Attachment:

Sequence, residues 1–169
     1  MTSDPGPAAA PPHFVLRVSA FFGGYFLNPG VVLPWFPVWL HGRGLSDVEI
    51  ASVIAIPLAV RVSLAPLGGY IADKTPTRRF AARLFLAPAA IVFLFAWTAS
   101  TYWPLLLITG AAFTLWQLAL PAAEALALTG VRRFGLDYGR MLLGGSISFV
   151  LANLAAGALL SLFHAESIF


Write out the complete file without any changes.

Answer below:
Sequence, residues 1–169
     1  MTSDPGPAAA PPHFVLRVSA FFGGYFLNPG VVLPWFPVWL HGRGLSDVEI
    51  ASVIAIPLAV RVSLAPLGGY IADKTPTRRF AARLFLAPAA IVFLFAWTAS
   101  TYWPLLLITG AAFTLWQLAL PAAEALALTG VRRFGLDYGR MLLGGSISFV
   151  LANLAAGALL SLFHAESIF